To our knowledge, this is the first RSV epidemiological study in children hospitalized with CAP in Belém city, Pará, Northern Brazil, to assess the epidemiological, clinical, and laboratory features of RSV infections among infants and young children. Moreover we sought to characterize the circulating RSV Groups in our region.

                        Methods

                        Study population

                        Patients’ clinical and epidemiological data were obtained during a cross-sectional study comprising eight hospitals carried out between November 2006 and October 2007, in Belém, Pará, located in the Northern tropical area of Brazil. We investigated for RSV infection in hospitalized children with CAP. This condition was as defined by medical practitioners of the project based on (A), (B) and (C). (A) Two clinical findings: cough, history of fever, pleuritic pain, crackles or bronchial breath sounds; (B) Chest radiographic findings consistent with pneumonia (focal airspace consolidation, patchy increased interstitial markings), and (C) patients admitted with less than 48 hours. The last condition was used to exclude patients had been infected with pneumonia after being admitted to the hospital. Patients were included in this study if the following criteria were met: children up to the three years old, hospitalized, diagnosed with CAP and with a signed consent form obtained from parents or legal guardians at enrolment. This study was approved by the Ethics and Research Committee of Evandro Chagas Institute (IEC) in the context of a large prospective study that investigates the etiology of CAP in different countries.

                        Sample collection

                        Nasopharyngeal aspirate samples were collected by vacuum suction through a plastic catheter and refrigerated at 4°C until transported on ice to the Respiratory Virus Laboratory at IEC. At the institute, the samples were processed within two hours for RSV antigen detection using the Direct Immunofluorescence Assay (DFA). RSV-positive samples were subsequently subjected to RT-PCR for the detection of the RSV Group.

                        Demographic data and clinical symptoms were also obtained. A questionnaire was filled by a trained technician including age, onset of symptoms, gender, blood bacterial culture, chest radiography, C-Reactive Protein (CRP) levels, and signs or symptoms of cough, rhinorrhea, fever, nasal obstruction, vomiting and diarrhea were analyzed at the time of hospitalization.

                        Direct immunofluorescence assay (DFA)

                        DFA was carried out using specific monoclonal antibodies for the detection and identification of RSV in direct respiratory specimen cell preparation with Light DiagnosticsTM Respiratory Syncytial Virus DFA kit, cat. 3125 (Chemicon® International, Inc. Temecula, CA), in accordance with the manufacturer’s instructions.

                        Reverse transcriptase-polymerase chain reaction (RT-PCR)

                        RT-PCR was performed to detect RSV RNA sequence and identify RSV Groups in samples that were positive by DFA. Primers were adopted from Canducci et al. [19]. Total RNA was extracted directly from supernatant specimens with the QIAamp® Viral RNA Mini Kit, cat. 52904 (Qiagen) and the amplification and detection were performed with SuperScriptTM One-step RT-PCR and the Platinum Taq® comercial Kit, cat. 10928–034 (Invitrogen Life Technologies, CA, USA). The primers used for group determination were generated against the F regions of the RSV genome. Positive control and water as a negative control were run together in each RT-PCR assay to validate the amplification process and to exclude the presence of contaminants.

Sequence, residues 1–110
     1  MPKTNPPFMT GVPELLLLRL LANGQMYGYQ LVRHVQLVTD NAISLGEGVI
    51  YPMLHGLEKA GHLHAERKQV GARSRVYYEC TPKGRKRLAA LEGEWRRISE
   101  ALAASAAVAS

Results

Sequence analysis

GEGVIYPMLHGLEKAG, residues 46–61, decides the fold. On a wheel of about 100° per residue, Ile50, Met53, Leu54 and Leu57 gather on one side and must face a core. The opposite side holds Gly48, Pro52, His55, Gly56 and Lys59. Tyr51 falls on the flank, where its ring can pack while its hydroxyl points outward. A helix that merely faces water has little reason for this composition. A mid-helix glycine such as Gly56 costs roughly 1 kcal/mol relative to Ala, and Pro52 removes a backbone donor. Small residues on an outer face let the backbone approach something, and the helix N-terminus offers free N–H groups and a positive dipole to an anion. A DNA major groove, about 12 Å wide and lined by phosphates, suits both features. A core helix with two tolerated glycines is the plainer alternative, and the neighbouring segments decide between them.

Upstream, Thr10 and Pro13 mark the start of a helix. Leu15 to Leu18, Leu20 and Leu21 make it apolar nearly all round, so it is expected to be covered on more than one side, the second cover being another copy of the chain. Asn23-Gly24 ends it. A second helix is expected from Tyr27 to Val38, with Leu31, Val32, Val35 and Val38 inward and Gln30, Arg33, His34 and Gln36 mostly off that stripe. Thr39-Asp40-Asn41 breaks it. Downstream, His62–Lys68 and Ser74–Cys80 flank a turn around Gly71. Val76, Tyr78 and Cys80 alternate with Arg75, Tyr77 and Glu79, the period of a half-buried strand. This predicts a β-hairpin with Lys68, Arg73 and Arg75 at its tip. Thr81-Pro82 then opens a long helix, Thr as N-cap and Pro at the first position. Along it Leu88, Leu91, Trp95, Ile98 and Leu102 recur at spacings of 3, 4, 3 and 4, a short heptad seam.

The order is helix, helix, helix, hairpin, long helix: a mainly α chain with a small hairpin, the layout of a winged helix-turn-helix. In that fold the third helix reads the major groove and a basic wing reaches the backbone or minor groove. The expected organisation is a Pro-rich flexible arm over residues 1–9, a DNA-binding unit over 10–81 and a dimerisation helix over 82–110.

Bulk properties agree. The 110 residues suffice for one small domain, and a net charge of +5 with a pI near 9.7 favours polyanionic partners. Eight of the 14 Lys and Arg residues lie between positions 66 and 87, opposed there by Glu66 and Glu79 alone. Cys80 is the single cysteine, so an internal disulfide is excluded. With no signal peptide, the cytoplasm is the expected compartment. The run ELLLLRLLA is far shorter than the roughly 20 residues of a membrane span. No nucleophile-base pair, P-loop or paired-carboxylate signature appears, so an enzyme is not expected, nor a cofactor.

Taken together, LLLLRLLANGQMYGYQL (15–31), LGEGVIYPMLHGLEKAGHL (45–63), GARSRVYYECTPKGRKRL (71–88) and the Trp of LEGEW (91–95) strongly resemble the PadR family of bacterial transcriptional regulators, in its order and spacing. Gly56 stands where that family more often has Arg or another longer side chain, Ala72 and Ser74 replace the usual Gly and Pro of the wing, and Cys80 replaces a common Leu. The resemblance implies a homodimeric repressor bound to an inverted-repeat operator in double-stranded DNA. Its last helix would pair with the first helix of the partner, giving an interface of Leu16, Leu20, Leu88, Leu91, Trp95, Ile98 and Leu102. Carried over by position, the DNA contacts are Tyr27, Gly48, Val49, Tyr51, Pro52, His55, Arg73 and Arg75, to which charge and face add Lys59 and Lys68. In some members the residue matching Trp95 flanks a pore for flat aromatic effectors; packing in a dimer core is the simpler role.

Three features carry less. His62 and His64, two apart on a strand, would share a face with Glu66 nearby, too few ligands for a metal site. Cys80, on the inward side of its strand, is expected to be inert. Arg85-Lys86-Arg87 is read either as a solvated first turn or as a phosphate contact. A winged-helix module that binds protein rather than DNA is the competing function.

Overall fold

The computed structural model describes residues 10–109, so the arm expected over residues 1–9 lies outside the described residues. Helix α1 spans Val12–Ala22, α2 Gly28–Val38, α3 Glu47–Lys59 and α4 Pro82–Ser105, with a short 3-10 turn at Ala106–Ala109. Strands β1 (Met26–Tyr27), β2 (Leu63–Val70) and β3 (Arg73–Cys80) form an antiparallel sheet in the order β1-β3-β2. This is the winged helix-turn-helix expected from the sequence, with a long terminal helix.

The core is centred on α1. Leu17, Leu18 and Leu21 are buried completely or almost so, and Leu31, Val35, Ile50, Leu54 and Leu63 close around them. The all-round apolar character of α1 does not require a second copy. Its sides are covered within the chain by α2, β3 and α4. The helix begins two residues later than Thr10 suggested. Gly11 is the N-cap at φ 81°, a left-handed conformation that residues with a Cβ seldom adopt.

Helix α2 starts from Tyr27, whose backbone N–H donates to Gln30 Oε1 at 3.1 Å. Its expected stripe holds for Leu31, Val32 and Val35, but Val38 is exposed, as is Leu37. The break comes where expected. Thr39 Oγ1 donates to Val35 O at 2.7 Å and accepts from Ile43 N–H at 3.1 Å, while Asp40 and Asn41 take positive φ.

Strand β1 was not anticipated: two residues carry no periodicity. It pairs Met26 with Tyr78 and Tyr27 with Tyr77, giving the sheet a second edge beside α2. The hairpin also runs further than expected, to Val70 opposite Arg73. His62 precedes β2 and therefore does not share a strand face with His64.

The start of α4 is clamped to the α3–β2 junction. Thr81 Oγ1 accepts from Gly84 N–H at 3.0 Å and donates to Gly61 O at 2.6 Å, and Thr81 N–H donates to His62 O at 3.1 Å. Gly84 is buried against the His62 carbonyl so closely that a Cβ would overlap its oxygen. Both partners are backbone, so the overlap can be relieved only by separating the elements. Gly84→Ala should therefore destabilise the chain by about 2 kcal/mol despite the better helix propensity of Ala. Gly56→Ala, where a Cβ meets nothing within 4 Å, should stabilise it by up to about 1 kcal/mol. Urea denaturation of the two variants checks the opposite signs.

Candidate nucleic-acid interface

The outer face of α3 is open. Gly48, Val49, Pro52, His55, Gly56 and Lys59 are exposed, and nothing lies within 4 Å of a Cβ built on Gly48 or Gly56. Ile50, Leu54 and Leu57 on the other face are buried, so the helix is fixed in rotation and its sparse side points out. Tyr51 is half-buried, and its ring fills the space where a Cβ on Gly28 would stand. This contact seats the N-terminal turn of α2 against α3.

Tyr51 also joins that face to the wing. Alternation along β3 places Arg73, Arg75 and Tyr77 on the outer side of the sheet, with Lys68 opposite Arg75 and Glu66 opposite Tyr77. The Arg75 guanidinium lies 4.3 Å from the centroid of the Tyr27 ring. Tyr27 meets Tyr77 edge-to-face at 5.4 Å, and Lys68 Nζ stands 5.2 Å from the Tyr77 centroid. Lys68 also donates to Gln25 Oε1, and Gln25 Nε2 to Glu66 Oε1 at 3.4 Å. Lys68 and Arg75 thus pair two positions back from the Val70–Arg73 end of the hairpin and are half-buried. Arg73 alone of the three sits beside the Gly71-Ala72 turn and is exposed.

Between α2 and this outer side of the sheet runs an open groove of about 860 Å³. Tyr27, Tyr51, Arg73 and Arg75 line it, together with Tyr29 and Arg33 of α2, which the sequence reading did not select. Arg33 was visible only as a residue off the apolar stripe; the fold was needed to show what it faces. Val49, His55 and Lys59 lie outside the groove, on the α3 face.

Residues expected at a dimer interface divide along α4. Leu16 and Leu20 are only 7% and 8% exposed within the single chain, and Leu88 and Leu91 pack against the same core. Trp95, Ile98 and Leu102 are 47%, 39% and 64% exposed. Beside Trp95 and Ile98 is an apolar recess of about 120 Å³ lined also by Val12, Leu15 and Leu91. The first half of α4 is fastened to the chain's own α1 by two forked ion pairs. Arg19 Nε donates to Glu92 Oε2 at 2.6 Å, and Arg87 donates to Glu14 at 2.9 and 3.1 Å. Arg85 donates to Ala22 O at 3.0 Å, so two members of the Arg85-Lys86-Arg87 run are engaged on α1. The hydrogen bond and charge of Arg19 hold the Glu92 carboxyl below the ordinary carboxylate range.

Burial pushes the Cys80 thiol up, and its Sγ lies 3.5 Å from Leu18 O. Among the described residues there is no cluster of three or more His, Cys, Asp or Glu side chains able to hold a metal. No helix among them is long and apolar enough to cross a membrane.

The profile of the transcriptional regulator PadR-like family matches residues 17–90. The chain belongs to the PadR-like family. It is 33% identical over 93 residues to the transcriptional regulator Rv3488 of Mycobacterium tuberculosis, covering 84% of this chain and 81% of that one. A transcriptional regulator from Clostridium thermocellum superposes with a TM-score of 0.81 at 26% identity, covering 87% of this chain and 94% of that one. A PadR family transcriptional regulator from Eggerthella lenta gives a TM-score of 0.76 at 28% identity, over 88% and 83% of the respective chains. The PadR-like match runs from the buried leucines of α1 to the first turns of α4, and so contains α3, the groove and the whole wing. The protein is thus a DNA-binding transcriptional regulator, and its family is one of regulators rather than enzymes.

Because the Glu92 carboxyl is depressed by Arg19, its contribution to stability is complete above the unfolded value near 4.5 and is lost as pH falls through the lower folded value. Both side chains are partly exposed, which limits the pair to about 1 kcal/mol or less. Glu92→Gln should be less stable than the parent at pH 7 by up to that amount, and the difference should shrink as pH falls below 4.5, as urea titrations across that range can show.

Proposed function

C-reactive protein (CRP)

                        CRP levels were determined from serum samples of patients and stored up to 4 days at about 4°C, until the completion of qualitative and semi-quantitative survey, by agglutination of latex particles using the Serolatex PCR kit, cat. 56 (Labtest Diagnóstica S.A., Brazil), in accordance with the manufacturer’s instructions.

                        Radiographs

                        The radiological assessment was performed by three independent physicians blinded to the patient’s condition, with reading of the radiographs standardized for all. Radiological typical for CAP included interstitial infiltrate, alveolar infiltrate, and lobar pneumonia.

                        Statistical analyses

                        Patients were divided into two groups according to DFA results and the analysis was performed using Statistical Package for the Social Sciences (SPSS, version 17.0, Inc., Chicago, IL), for Windows. Fisher’s exact test was used adjunctively if the expected values were less than 5. The student’s t test was applied to compare means.

                        Multivariate analysis was performed using logistic regression models. Variables with a p value <0.1 in univariate analysis were entered in the multivariate analysis. The level of significance was set at <0.05. The both analyses (1 and 2) including pneumonia positive and negative for RSV as the dependent variable. (1) was a comparison of pneumonia by RSV positive and negative group included the following independents variables: age, gender, CRP levels and bacterial culture; (2) was a comparison of pneumonia positive and negative for RSV and the signs and symptoms reported at hospitalization included the following variables: cough, rhinorrhea, fever, nasal obstruction, vomiting and diarrhea.